Below, some of the products attached to the back wall. The cushion on the stool in front of the wall is a new addition to the range of Cameras designs of the 'Pop Art goes Design' collection. It's a digitally printed, 40x40cm linen cushion called Camera Play, and it's now available on our website. The design references Joe Tilson's photo collages of the 60s. If you're interested you can read more about my inspiration for 'Pop Art goes Design' in an earlier post I did on my blog. 


Below a close up - yes, I am rather pleased with how it turned out :-)


But to move on: I wanted to use a collection of chairs to offset all the different cushions and ranges, and to give the buyer a feel of how these products might sit in their stores, and indeed their customers' homes. The Thonet bentwood armchairs fabulously showed off my Bike wheel cushions ;-)
And who needs a carpet when you have gorgeous concrete to begin with?
  
 
Especially since the concrete made such an effective backdrop for my first 'Bicycle' rug, which you can now order from our website.



The chair to the left, above, is one of the pieces that Galapagos Designs have upholstered for us as part of our collaboration with them to illustrate to the buyer how my designs can be used on fabric for upholstery. And below I show you another one, of a different model, but with same fabric and neon accents. It's called 'Pop Art Circles Armchair'.



'Pop Art Circles' overall had a fantastic launch: I was very happy that KentLyons (the designers of the 3 shows Home, Top Drawer and Craft) asked to use my Pop Art Circles wallpaper to decorate the pillars at the entrance to the shows.


Here it is in close up: 


And we also make Pop Art Circles cushions, with extra special neon piping. They are available in 3 different shapes square, oblong and round.


Here with another Thonet chair accentuating all the circles..


And here is the full stand at the opening of the show - thanks for reading and I would love to have your comment if you can take the time - 


Love,
Ella x 

Friday, 3 January 2014

My Bicycle rugs in the making

I have just received these pictures from Paul Vowles of WovenGround. He has been at the factory in India where my first Bicycle rugs (from my Bikes of Hackney collection) are being made - in time for us to launch them to our trade buyers next week, at HOME London, Earls Court, 12-14th January.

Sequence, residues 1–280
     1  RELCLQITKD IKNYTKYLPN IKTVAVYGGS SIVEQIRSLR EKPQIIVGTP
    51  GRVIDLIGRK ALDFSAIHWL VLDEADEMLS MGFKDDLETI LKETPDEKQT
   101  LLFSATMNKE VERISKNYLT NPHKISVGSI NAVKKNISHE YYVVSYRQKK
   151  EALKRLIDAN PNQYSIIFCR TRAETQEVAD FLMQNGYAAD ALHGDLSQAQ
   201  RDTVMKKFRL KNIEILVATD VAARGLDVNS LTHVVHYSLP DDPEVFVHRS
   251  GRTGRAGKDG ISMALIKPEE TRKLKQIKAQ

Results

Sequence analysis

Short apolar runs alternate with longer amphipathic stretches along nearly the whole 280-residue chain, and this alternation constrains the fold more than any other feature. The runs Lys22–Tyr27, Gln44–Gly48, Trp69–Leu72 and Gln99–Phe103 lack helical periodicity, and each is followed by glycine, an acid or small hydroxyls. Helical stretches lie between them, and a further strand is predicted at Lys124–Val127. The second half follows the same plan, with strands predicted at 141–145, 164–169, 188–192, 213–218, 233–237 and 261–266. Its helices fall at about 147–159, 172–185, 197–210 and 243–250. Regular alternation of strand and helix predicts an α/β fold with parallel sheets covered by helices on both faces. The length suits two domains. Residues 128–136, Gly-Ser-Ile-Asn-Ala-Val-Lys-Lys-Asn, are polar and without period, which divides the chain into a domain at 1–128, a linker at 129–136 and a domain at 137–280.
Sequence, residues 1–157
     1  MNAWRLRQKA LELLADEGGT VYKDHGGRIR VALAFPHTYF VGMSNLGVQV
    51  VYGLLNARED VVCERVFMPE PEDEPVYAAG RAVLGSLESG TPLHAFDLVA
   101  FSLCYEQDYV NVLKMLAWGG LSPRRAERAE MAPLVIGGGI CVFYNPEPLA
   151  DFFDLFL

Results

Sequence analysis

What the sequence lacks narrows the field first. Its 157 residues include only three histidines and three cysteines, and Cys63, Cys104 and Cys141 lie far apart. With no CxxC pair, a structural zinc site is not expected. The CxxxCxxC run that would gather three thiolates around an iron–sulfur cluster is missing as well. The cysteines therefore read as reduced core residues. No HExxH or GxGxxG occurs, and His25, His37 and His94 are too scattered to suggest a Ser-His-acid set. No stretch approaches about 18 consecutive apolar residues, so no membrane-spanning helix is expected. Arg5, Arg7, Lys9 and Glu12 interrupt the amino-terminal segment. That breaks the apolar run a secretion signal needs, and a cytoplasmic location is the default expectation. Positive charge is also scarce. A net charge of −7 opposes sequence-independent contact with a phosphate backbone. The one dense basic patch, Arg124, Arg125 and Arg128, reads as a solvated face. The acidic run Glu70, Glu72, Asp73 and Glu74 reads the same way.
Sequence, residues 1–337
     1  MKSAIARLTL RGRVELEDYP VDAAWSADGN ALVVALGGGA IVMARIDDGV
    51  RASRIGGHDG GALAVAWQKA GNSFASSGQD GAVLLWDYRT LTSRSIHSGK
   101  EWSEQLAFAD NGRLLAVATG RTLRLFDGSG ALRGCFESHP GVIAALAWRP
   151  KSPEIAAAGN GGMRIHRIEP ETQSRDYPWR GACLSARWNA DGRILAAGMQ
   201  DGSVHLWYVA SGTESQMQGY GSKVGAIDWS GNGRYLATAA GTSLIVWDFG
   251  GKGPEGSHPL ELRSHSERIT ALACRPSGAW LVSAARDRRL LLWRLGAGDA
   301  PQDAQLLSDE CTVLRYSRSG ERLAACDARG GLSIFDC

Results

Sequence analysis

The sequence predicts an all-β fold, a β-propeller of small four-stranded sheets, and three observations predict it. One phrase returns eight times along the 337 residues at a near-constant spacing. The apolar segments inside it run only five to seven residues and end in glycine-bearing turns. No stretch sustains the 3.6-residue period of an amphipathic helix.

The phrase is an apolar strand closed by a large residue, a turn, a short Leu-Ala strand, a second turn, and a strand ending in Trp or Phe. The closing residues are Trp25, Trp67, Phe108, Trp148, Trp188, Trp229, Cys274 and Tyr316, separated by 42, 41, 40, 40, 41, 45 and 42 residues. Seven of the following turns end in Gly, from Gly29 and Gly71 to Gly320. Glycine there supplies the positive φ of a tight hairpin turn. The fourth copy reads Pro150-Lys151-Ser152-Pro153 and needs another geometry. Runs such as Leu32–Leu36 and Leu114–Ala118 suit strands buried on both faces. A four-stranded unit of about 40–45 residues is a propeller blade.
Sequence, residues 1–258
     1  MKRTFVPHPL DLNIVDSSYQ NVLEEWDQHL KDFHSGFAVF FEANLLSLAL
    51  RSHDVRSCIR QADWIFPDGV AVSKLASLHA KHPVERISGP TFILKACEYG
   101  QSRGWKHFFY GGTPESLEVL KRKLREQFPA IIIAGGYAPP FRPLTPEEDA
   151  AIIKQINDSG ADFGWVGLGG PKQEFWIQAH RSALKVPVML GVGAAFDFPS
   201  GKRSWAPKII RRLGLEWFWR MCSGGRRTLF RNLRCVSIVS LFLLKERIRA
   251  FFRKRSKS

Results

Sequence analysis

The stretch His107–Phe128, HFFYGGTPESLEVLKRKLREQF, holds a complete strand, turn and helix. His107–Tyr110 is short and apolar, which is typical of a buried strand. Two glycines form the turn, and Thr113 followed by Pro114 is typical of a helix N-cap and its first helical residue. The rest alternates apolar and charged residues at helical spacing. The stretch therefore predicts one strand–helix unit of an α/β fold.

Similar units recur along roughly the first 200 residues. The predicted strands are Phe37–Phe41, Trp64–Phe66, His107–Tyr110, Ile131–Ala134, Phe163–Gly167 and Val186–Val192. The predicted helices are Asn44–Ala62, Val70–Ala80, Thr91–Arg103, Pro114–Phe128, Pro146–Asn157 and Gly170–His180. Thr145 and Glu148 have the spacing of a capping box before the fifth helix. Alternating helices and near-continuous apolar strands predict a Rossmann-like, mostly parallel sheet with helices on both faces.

The above image is from the back of the cloth as the bicycle begins to take shape.
 
These pictures give you an idea of how they stretch the cloth over a frame, with the design printed on as a guide for the craftsmen. They then hand tuft the different colours of wool into the cloth, following the background template of colours. It's like painting in numbers, which I always loved doing as a child! 



This is what it looks like once they have finished tufting, but before the surface is trimmed off so that it is all even, and soft to touch. 

Voila! Now it can be removed from the frame and be backed and finished!

I have not yet visited the artisans myself, but I hope to do it this year, so I can learn and share even more about what is involved in making these beautiful products. Once HOME London has ended I'll post more pictures of the finished rugs. 

In the meantime, have a wonderful first week of January and remember to set your goals high and enjoy the ride wherever it takes you this year.

Love,
Ella


Friday, 20 December 2013

Wishing Tree for 2014


To all our customers, colleagues, and friends. Thank you for all your business, support and encouragement this year. We wish everyone of you a restful, loving and happy time this Christmas, and very much look forward to an exciting prosperous 2014 and sharing it with you.

With love and a little 'nudge' to make at least one magic wish for your new year!


Ella

x

Please note: the Studio will be closed for the festivities, and we will be back from the 3rd of January..... Happy Holidays!

Monday, 9 December 2013

A recent commission: an example of fusing art and design ...


I'm often asked about my way of working and so I thought I share the process around a private commission for a roller blind 'mural' (2.20m x 4.5m) I've just finished and feel very happy about with you here. 

Below is the final artwork that has gone off to the printers. As you will see, the creative process was a long and happy journey in close collaboration with my clients, an art and design loving family of five (two young boys and a teenage boy).


Their East London ground floor living room is open plan and faces a walled patio yard. The side of the room that faces the yard has floor to ceiling windows and includes a patio door. 

When we started talking about the commission the couple loved the idea of me creating a narrative across a 'wall' of roller blinds that would in effect be a functional artwork. They gave me a loose brief to be creative and playful around the idea of reversing the perspective of outside and inside so that the blinds would create the illusion of the viewer being outdoors.